“From the total receipts by NNPC of $2,399,642,012.90 (N569,143,803,033.21 from export sales of crude oil and gas for the year, a total amount of $2,348,880,056.93(N517,354, 153,159.77) was paid out to fund JV Cash Calls, leaving only $72,875,099.00 (N22,423,859,671.82) which was paid to the Federation Account.
“It should be noted, that the above JV Cash Calls deducted from the proceeds from export oil and gas sales did not include an amount of N355,173,305,887.21 also paid from the receipts from Domestic Crude oil sales as JV cash calls,” the report stated.
It also pointed out is that the “examination of records and documents presented to the Audit Team in respect of the Excess Crude Account (ECA), revealed that a sum of N361,230,422,517.15 summarised below and classified as PPT/Royalty was deducted from total oil and gas revenue collected before the balance was paid to the Federation Account.
“These deductions would appear to contravene the provisions of Section 162 (1) of the Constitution of the Federal Republic of Nigeria, 1999 which states as amended,” it stressed.
There was also the issue of zero collection of oil revenue for some period.
According to the report, “ It was observed from the CBN Components Statements that no collections were reported into the Federation Revenue Account by some revenue collecting Agencies for certain months of the year. It was not clear from available records why these months recorded no revenue collections and no explanation was provided for this.
“The Accountant-General has been requested to obtain an explanation from the Group Managing Director of NNPC and Director DPR for the non-collection of revenue during these relevant months,” as well as “ensure that any revenue found due for these months is remitted to the Federation Account, and evidence forwarded for audit verification.”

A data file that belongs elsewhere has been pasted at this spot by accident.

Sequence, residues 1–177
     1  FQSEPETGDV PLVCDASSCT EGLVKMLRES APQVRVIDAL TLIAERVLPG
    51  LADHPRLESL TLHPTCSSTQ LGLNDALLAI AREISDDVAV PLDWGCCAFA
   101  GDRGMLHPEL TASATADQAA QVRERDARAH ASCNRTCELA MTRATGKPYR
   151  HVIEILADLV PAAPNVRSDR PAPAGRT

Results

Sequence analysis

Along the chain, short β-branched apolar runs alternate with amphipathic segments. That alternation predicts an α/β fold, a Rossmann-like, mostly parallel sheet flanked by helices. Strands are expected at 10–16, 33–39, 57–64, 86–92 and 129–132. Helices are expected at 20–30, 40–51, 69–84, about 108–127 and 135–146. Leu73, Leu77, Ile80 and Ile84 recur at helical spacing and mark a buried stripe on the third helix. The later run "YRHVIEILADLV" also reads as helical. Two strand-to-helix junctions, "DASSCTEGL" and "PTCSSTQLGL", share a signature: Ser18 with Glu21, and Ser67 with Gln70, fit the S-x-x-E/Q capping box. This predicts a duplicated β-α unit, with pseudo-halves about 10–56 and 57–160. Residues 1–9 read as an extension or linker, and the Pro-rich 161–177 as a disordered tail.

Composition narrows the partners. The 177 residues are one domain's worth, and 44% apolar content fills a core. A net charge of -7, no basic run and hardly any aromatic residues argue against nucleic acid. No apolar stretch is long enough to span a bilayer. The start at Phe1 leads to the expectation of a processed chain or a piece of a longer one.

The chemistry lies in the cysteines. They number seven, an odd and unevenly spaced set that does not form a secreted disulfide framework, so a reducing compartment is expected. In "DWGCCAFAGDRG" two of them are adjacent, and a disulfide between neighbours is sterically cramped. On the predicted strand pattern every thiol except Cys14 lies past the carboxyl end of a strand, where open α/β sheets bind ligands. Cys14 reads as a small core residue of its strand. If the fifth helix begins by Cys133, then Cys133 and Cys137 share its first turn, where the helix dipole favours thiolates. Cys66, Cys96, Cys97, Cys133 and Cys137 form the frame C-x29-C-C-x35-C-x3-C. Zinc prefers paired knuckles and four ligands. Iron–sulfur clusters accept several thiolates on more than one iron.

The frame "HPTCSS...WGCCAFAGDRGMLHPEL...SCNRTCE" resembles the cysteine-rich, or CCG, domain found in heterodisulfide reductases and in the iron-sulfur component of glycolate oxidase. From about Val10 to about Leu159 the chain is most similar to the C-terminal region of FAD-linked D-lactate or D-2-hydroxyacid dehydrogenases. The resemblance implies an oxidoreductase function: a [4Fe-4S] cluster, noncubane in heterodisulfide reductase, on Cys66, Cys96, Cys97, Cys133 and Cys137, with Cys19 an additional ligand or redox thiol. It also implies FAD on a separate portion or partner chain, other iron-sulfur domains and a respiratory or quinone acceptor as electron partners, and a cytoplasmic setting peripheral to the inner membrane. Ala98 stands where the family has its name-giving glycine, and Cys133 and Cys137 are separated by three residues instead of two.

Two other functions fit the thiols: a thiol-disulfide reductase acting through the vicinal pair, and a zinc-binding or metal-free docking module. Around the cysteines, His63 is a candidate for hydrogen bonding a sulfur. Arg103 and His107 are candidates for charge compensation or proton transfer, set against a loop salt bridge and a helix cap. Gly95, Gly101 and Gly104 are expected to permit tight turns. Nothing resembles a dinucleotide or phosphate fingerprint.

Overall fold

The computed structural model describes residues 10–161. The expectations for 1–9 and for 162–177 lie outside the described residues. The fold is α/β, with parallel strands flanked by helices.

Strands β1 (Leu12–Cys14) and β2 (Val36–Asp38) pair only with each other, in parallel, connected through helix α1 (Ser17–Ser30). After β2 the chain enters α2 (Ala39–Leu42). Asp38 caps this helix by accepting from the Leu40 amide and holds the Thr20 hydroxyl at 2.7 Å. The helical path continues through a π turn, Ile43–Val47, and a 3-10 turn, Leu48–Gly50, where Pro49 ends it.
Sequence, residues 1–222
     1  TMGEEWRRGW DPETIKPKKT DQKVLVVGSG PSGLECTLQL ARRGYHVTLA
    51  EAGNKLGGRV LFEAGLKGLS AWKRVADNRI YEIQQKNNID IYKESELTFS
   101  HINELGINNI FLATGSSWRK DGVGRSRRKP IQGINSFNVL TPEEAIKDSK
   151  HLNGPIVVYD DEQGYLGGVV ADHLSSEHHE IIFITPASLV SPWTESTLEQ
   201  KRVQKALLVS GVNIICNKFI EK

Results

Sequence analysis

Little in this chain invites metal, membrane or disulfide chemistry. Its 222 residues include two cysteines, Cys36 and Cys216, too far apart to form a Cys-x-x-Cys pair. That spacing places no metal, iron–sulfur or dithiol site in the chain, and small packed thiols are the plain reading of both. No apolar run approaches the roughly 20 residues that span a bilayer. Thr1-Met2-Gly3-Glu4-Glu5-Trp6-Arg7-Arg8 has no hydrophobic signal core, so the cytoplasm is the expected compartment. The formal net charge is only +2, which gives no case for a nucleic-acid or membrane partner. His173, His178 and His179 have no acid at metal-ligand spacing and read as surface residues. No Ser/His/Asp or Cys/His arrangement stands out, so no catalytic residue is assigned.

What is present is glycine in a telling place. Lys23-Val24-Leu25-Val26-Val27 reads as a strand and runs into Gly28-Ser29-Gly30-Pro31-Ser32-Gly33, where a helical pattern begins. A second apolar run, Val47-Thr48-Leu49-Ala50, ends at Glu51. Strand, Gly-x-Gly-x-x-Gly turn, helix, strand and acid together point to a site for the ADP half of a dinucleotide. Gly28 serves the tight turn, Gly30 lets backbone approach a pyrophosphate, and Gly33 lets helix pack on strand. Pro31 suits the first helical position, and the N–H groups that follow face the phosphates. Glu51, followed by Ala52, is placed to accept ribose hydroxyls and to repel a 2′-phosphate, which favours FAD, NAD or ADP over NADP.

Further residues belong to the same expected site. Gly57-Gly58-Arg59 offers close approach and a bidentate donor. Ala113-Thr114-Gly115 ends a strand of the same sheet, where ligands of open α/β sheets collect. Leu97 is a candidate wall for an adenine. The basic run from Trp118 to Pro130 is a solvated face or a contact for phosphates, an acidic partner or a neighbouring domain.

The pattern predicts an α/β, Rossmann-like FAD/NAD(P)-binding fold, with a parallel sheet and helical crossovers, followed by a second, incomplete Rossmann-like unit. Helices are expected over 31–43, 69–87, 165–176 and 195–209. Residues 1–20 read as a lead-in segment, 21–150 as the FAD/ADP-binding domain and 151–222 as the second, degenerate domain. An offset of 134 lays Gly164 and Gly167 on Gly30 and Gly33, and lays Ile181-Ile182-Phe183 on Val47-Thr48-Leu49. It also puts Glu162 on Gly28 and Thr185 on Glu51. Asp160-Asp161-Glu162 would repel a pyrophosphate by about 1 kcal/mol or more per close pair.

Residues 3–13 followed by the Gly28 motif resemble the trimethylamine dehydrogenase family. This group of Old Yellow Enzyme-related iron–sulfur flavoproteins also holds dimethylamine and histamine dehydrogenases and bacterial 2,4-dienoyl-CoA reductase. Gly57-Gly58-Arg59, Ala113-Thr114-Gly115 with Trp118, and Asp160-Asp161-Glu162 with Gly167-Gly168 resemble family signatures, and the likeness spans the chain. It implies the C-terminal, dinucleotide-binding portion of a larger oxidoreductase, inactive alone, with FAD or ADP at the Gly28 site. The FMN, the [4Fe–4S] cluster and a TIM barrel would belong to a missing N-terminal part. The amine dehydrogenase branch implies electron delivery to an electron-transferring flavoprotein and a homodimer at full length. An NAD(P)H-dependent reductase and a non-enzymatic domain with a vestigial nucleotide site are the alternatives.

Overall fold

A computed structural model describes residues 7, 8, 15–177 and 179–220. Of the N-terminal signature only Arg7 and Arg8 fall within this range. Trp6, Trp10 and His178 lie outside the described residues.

Meanwhile, no fewer than 324 Ministries Departments and Agencies (MDAs) of the federal government failed to submit their accounts for audit in 2016, according to the report.
This figure contrasts with the 215 MDAs which did not submit their accounts in 2015.
There are over 900 MDAs at the federal level. The Auditor-General pointed out that the extensive violation of statutory financial reporting obligations by parastatals is of great concern. According to the report, as at April 2018, 109 MDAs had not submitted their accounts beyond 2013, while 76 agencies submitted last for the 2010 financial year even as 65 others never submitted any account since inception. The report was however silent on culpable agencies. “The extensive violation of statutory financial reporting obligations by Parastatals is of great concern.